Geodesic Dome Workshop
February 17, 2024 @ 8:00 am - February 18, 2024 @ 5:00 pm$345
About this workshop
- This workshop will provide both theory about Geodesic Domes and practical hands on experience with them. You will learn about:
- the history of geodesic domes
- the theory of how they work and function
- the specifications of their construction details
- the benefits to you and the environment with this sustainable building technique and lots more.
You will construct a 5 meter “Outback Dome” at the Permaculture Sydney Institute Farm for a greenhouse from the foundations to completion, thus gaining a wholistic experience with geodesic domes and the hands-on practical skills to build your own. Essentially, we will be:
- preparing the footings
- erecting steel tube frames that bolt together using hand tools and form the exceptionally strong, long-lasting structure.
- making doors and windows
- covering the dome with a durable, one-piece dome cover that is completely weatherproof and able to withstand our Aussie climate – sun, wind, rain, hail and snow.
- learning how to make use of both active and solar ventilation systems which help control and moderate temperatures both in summer and winter
- installing stand-alone lighting and power options.
We are partnering with the Outback Dome company for this workshop. For full details of the company, its products and its history, see www.outbackdomes.com.au. You can see there some detailed information about the how the domes are manufactured and assembled.
About the Trainer – Paul Spencer
Paul became interested in domes more than 25 years ago. “The combination of aesthetics, practicality and simplicity of construction are unmatched by conventional structures.” Paul describes himself as a “tentmaker”, but his business, Outback Domes doesn’t make the average Tent – think triangulated steel space frame and heavy duty covers that last for years exposed to all types of weather.
Paul’s long experience with Geodesic domes combined with his passion for Geodesic domes and education makes him an ideal trainer for this workshop. He runs training and education with schools and community groups and loves sharing information with others. Paul is rapidly becoming the spokesperson for GeoDomes here in Australia as his business expands and his customer base seeks new and innovative ways to use Domes in many different ways.
About Geodesic Domes
Anyone who has studied permaculture architecture and nature knows that the dome is the strongest pattern in nature. It’s not coincidental that nature uses this pattern for survival in its harshest conditions. The architect Buckminster Fuller was known for the geodesic dome. It appealed to Fuller because it was extremely strong for its weight, its “omnitriangulated” surface provided an inherently stable structure, and the spherical shape enclosed the greatest volume for the least surface area. Fuller also said “the best way to predict the future is to design it”, and what could be more relevant today, when we endure natures harshest conditions with climate change, than to design the strongest possible structures.
Geodesic domes are beautiful, strong and versatile structures that can be used anywhere. They are used throughout the world for homes, extra accommodation, studios, offices, meditation spaces, greenhouses, glamping and more. They are easy to assemble; lightweight yet strong; mobile; inexpensive; and energy efficient structures that are smart and look great too.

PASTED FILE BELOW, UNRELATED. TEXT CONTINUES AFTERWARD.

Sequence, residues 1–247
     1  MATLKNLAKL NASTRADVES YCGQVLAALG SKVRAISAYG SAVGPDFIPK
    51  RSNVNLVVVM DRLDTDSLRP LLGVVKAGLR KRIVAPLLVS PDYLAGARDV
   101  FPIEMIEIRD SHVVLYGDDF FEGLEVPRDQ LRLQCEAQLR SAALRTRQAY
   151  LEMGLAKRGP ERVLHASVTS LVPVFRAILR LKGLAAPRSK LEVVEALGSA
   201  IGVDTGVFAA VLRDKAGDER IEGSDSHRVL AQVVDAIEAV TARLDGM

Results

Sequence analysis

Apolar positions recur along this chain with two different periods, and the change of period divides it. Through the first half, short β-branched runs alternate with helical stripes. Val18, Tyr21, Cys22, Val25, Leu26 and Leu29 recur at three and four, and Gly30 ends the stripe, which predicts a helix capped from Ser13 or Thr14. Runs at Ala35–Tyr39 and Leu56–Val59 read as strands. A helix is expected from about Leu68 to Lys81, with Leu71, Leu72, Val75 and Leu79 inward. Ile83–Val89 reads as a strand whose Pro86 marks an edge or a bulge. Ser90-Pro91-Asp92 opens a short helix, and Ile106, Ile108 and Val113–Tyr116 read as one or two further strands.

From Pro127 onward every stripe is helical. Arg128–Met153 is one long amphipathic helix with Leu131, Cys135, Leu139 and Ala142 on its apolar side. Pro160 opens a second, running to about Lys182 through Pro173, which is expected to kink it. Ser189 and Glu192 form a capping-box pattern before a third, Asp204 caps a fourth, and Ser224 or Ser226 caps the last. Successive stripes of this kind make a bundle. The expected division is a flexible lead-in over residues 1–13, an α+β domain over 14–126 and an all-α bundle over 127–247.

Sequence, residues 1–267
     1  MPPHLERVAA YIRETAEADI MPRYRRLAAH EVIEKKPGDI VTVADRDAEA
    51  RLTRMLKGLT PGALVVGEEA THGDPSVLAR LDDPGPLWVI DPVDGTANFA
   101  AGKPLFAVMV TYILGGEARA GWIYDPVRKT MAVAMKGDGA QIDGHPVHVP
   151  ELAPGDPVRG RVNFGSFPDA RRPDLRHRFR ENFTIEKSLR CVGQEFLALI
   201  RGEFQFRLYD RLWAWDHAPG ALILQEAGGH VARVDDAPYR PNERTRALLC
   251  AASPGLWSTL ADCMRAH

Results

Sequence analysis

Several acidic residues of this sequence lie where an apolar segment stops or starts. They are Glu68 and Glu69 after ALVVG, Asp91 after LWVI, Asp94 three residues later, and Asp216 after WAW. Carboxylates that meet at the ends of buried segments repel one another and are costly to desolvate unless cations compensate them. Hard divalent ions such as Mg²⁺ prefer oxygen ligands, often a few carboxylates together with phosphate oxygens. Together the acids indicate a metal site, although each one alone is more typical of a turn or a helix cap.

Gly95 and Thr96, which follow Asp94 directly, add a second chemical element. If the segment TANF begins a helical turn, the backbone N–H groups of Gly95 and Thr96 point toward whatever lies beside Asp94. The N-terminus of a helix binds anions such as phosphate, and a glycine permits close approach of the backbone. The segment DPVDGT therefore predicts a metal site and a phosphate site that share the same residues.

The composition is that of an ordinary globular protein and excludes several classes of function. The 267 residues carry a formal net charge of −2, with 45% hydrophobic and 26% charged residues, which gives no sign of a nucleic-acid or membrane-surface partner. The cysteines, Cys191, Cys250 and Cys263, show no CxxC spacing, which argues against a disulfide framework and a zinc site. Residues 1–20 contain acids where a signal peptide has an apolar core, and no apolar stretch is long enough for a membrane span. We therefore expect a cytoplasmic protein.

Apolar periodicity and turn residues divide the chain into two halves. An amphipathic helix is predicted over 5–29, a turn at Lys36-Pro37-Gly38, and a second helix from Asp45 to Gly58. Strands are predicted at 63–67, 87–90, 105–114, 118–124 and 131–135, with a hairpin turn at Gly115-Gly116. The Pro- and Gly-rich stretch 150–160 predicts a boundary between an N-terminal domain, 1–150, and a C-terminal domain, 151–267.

The Concepts behind the Geodesic Dome (Direct from the Buckminster Fuller Institute) One of the ways Buckminster Fuller (“Bucky”) would describe the differences in strength between a rectangle and a triangle would be to apply pressure to both structures. The rectangle would fold up and be unstable but the triangle withstands the pressure and is much more rigid–in fact the triangle is twice as strong. This principle directed his studies toward creating a new architectural design, the geodesic dome, based also upon his idea of “doing more with less.” Fuller discovered that if a spherical structure was created from triangles, it would have unparalleled strength. The sphere uses the “doing more with less” principle in that it encloses the largest volume of interior space with the least amount of surface area thus saving on materials and cost. Fuller reintroduced the idea that when the sphere’s diameter is doubled it will quadruple its square footage and produce eight times the volume. The spherical structure of a dome is one of the most efficient interior atmospheres for human dwellings because air and energy are allowed to circulate without obstruction. This enables heating and cooling to occur naturally. Geodesic shelters have been built all around the world in different climates and temperatures and still they have proven to be the most efficient human shelter one can find.
More specifically, the dome is energy efficient for many reasons:
- Its decreased surface area requires less building materials.
- Exposure to cold in the winter and heat in the summer is decreased because, being spherical, there is the least surface area per unit of volume per structure.
- The concave interior creates a natural airflow that allows the hot or cool air to flow evenly throughout the dome with the help of return air ducts.
- Extreme wind turbulence is lessened because the winds that contribute to heat loss flow smoothly around the dome.
- It acts like a type of giant down-pointing headlight reflector and reflects and concentrates interior heat. This helps prevent radiant heat loss.
The net annual energy cost for a dome owner is 30% less than normal rectilinear homes according to the Oregon Dome Co. This is quite an improvement and helps save the environment from wasted energy. Geodesic Domes have been designed by Bucky and others to withstand high winds and extreme temperatures as seen in the Polar regions.